The year 2019 will go down for the Kenyan online community as a year that was ‘relatively good’ in comparison to global decline on the internet freedoms, said the Bloggers Association.
Globally, digital authoritarianism continued to rise with more countries adopting tools and measures for censorship and surveillance of internet users within their borders.
“Even with these events taking place on the global stage, 2019 was a relatively good year for the online space in Kenya,” said Kennedy Kachwanya, Bloggers Association of Kenya, Chairman during the launch of the State of the Internet in Kenya Report 2019 on Tuesday.
“This can be attributed to the fact that there were markedly fewer arrests and constitutional challenges to laws which may demonstrate a deceleration in the momentum witnessed in previous years of the onslaught on internet rights and freedoms.”
The report documents trends in digital rights in Kenya, legislation affecting digital rights, online human rights violations, legislation, court cases, the state of blogging in Kenya and emerging technologies.
According to Kachwanya, in 2019, Kenya made great strides on the policy front with the passage of key guiding documents such as the ICT Policy, the Digital Economy Blueprint, the National Broadband Strategy, and the ‘Blockchain and AI’ Taskforce Report.
The state of the digital or online space was positively influenced by the enactment of two critical laws, namely the Data Protection Act and the Copyright (Amendment) Act in November and September respectively.
“Such policies and frameworks are necessary where a country seeks to transform its overall digital economic outlook,” reads part of the report.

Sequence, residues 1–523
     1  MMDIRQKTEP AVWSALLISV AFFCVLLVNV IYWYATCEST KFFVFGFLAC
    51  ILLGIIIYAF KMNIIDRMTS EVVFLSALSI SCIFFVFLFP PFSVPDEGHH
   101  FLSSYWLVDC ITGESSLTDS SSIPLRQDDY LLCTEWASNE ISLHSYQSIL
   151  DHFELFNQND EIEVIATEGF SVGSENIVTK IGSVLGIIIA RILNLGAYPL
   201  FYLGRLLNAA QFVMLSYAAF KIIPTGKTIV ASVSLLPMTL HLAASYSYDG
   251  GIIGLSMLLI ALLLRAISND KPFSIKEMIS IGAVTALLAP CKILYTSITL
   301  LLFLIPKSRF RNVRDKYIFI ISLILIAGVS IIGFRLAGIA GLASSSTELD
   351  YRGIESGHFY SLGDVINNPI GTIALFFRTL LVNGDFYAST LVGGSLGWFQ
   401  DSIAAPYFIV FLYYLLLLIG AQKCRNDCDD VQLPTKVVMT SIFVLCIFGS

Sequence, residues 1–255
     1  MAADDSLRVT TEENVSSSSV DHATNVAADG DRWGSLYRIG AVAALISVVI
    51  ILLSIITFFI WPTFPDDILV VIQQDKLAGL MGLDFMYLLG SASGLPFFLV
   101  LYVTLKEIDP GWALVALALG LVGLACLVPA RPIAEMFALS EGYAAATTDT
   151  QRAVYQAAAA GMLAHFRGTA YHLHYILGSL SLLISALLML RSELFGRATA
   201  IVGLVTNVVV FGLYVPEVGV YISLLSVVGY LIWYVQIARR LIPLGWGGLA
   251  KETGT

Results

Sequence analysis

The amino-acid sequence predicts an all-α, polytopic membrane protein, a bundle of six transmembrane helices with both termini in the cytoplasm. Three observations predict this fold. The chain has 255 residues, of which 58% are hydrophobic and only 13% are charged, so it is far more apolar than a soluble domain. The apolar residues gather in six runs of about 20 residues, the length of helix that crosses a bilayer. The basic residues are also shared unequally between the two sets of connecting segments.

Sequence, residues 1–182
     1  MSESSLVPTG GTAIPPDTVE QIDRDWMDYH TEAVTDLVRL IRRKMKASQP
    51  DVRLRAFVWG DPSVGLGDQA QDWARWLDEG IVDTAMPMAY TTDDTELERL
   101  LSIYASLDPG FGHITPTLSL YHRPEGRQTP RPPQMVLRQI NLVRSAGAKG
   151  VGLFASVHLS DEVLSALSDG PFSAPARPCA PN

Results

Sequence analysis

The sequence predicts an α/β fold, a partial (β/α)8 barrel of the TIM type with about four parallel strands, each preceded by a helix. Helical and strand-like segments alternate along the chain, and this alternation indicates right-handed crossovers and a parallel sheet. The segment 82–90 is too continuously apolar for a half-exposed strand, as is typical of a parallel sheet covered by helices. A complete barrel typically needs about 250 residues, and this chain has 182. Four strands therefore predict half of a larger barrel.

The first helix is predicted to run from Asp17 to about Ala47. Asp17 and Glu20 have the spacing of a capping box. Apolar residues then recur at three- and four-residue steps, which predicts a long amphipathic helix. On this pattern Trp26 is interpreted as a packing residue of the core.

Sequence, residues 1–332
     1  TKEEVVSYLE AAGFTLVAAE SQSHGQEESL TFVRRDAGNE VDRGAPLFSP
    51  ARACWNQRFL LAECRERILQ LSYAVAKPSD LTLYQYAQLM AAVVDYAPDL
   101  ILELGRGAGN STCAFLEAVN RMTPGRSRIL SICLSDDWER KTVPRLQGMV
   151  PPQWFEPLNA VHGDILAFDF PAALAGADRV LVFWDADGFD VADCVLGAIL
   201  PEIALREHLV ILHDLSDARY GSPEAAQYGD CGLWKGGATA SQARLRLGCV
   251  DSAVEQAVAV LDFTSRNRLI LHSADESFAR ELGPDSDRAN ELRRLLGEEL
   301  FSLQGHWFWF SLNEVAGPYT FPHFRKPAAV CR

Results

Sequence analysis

Consequently, the association said there were attempts to re-introduce retrogressive Bills that had been resisted and criticized in the past.
Such bills include the Kenya Information and Communication (Amendment) Bill also known as the social media Bill which sought to regulate the use of social platforms and messaging applications; as well as the ICT Practitioners Bill which attempted to introduce broad registration and licensing requirements.
“In 2019, BAKE spend much of its time in court challenging the Computer Misuse and CyberCrimes Act. Initially, initially, we won but lost,” said Kachwanya.
“We have spent a lot of time in court doing litigations, but it wouldn’t be so if we had good laws,” added James Wamathai, Director, Partnerships at BAKE.
The report calls upon the government to take the necessary steps to ensure that there is freedom of the press and freedom of expression and should refrain from the harassment of journalists and bloggers.
In addition, it says the challenge of the digital divide persists.
“The majority of non-Internet users in Kenya are people who live in rural areas (84%) and who are mostly female (58%). This should be addressed by ensuring the Universal Service Fund (USF) is distributed where needed.”